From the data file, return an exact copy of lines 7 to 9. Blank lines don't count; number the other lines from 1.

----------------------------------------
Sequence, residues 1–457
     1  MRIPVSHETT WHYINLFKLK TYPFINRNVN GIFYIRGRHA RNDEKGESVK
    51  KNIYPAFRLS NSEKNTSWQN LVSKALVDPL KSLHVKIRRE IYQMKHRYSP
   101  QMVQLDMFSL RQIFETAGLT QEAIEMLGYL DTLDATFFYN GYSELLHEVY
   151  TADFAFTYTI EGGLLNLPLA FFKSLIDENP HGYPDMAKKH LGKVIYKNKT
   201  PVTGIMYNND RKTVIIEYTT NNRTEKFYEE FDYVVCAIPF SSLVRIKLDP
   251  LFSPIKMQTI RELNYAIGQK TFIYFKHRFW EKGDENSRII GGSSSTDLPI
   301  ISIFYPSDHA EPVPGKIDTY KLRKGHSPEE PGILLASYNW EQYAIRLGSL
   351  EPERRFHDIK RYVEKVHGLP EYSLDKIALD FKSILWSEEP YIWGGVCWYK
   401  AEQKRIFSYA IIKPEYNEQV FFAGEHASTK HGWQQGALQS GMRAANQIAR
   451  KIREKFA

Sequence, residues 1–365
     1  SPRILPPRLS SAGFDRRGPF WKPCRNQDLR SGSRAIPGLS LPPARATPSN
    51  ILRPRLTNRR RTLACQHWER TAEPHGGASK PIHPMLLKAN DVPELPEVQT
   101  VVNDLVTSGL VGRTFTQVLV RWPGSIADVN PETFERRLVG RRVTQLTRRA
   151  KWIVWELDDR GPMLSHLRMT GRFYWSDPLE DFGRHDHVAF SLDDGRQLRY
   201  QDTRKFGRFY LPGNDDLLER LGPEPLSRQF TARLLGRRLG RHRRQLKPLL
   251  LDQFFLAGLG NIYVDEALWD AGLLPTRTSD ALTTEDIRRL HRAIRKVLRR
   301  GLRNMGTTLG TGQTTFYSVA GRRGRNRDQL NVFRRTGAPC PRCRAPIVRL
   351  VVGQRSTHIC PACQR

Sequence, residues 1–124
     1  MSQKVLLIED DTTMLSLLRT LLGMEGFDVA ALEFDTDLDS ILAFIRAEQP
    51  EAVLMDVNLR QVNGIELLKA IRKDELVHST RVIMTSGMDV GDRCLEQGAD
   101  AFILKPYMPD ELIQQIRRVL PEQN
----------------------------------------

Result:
   251  LFSPIKMQTI RELNYAIGQK TFIYFKHRFW EKGDENSRII GGSSSTDLPI
   301  ISIFYPSDHA EPVPGKIDTY KLRKGHSPEE PGILLASYNW EQYAIRLGSL
   351  EPERRFHDIK RYVEKVHGLP EYSLDKIALD FKSILWSEEP YIWGGVCWYK